Thursday, December 15, 2011

Mummers in the Schools - a Legacy Activity

Earlier this year, the Provincial Historic Commemorations Board designated the Christmas tradition of mummering and janneying as as a Distinctive Cultural Tradition or Practice of the province of Newfoundland and Labrador.

As part of that commemoration, the province set aside funds for some type of Legacy Activity project which would promote the tradition.

We started off with a series of questions. We all know what mummers look and sound like, but there’s much more to it than dressing up and dancing around. What do mummers do? What is a hobby horse? Where do mummers come from? What are the best ways to disguise yourself? And does the current generation of students, particularly urban students, know much about the tradition at all?

With those thoughts in mind, HFNL's ICH office sponsored a Mummers in the School program as part of the 2011 Mummers Festival ( The program is designed for grades 4-6, and this year is lead by Ryan Davis, who is the coordinator of the annual festival.

All this week, Ryan has been touring schools in St. John's, Goulds, Paradise and Portugal Cove-St. Philip's with a slide show on mummering, his own hobby horse, and a tickle trunk of mummers costumes to get kids excited about this old Newfoundland tradition. Kids (and teachers) have been given a chance to dress up and give their classmates a chance to guess who is under that old lace tablecloth.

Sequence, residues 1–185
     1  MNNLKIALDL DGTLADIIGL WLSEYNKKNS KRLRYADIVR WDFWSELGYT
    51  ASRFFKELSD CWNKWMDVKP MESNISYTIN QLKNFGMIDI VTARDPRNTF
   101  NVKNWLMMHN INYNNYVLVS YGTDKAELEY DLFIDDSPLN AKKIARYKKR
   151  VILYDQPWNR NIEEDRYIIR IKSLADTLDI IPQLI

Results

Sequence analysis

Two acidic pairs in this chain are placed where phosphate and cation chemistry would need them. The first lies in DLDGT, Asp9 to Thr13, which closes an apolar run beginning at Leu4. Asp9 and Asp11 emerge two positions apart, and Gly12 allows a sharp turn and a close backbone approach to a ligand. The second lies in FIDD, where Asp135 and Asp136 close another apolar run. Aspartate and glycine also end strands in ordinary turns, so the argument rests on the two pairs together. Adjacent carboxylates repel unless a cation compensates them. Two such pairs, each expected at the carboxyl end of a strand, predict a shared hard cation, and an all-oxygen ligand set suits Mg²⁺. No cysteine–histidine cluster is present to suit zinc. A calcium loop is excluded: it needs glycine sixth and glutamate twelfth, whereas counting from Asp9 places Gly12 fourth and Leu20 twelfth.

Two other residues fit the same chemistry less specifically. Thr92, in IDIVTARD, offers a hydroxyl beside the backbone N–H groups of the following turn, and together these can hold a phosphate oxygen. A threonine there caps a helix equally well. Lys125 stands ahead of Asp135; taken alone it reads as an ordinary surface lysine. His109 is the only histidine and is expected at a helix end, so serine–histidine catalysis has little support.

Feeling left out? No problem, the Mummers Parade is this Saturday, and we want YOU to be in it, in costume! See you there!

Some comments so far:

Hi Dale, I just wanted to send you an email to say Thank you for setting up the presentation for today. The kids and teachers absolutely loved it. It was very well done and interesting. Tell Ryan how much we enjoyed it!!! Thanks again.
Krista Molloy, Larkhall Academy

Thanks for an interesting and timely presentation for our students.Ron Parrott, Principal, Larkhall Academy

Thanks so very much!! Great sessions today! The kids are so very excited.
Several want to go home and make a hobby horse, including a few teachers!!
Thanks again!

Jill Moores, Paradise Elementary

The photos below are from Larkhall Academy in St. John's: